Mr. CRANSTON. Mr. President, I am gald to join my good friend from Massachusetts [Mr. Kerry] in introducing the International Narcotics and Terrorism Control Act of 1989. The results of the hearings and investigations conducted by the Subcommittee on Narcotics and Terrorism of the Committee on Foreign Relations during the last 2 years indicate that the problem of international drug trafficking is indeed serious. It is clear that we need to take steps to encourage cooperation among our Federal agencies involved in drug-interdiction activities and the State Department, as well as to encourage other countries to cooperate with us in our war on drugs.
The report of the subcommittee does much to explain how the lack of cooperation between the State Department and other law enforcement agencies has hampered efforts to stop the flow of drugs into our country. The legislation we are introducing today would provide some practical solutions to this problem which I believe will make our international drug-interdiction activities more effective.
With regard to those provisions in this legislation which are intended to encourage the cooperation of other countries with our drug-control efforts, I generally agree that the President should be authorized to impose optional sanctions--short of the mandatory sanctions authorized under current law--on those countries which refuse to cooperate with us. However, I have reservations about particular proposed sanctions.
For example, I am concerned that imposing the sanction which entails the denial or limitation of visas or border crossing cards to nonimmigrant nationals of a noncooperating country might unduly restrict legitimate travel from these countries. I do not believe that it is in our country's interest to deny visas to temporary workers, students, international organization personnel, foreign press, and other nonimmigrants from these countries when there is no evidence that these categories of nonimmigrants have been involved in drug-trafficking activities. Even in the case of visas issued to nonimmigrant tourists, where there is evidence of some abuse by drug traffickers, I believe that safeguards must be put in place to assure that legitimate travel is not impeded by this sanction. I am glad to see that the Senator from Massachusetts recognizes this problem, and I look forward to working with him to resolve this issue when this legislation is considered in committee.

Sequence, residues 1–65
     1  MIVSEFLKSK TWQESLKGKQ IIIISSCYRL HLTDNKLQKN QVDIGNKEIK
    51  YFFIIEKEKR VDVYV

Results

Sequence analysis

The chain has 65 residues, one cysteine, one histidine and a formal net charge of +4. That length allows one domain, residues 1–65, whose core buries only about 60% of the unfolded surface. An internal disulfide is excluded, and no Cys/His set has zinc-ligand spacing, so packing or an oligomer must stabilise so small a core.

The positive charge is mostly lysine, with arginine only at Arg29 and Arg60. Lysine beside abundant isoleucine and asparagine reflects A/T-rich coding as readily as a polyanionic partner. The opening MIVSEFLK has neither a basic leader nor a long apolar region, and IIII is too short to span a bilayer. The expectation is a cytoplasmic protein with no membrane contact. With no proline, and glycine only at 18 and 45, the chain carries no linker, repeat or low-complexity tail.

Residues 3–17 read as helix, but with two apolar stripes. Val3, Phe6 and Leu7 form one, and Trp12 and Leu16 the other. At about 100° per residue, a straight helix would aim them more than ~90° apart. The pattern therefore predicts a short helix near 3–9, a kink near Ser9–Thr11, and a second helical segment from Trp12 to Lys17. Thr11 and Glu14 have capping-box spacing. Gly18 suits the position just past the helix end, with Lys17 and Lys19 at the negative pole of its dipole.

In conclusion, I would like to reiterate that this legislation is necessary to increase the effectiveness of our drug-control efforts. The continuous supply of drugs into this country has created a crisis situation, and we must take all necessary steps to assure that our international drug-control strategy is effective. For these reasons, I urge my colleagues to support this legislation.
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